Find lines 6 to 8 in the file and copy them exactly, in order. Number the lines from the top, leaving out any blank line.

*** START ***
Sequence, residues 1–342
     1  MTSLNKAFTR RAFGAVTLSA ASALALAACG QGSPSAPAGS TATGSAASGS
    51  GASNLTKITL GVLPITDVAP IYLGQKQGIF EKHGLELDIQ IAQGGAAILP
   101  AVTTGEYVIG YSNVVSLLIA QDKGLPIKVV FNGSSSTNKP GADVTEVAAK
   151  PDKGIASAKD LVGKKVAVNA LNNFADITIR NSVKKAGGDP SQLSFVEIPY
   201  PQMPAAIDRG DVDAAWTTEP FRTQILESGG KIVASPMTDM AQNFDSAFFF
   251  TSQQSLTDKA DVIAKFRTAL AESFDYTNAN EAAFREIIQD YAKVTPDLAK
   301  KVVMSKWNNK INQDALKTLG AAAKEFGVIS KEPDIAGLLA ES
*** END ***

   201  PQMPAAIDRG DVDAAWTTEP FRTQILESGG KIVASPMTDM AQNFDSAFFF
   251  TSQQSLTDKA DVIAKFRTAL AESFDYTNAN EAAFREIIQD YAKVTPDLAK
   301  KVVMSKWNNK INQDALKTLG AAAKEFGVIS KEPDIAGLLA ES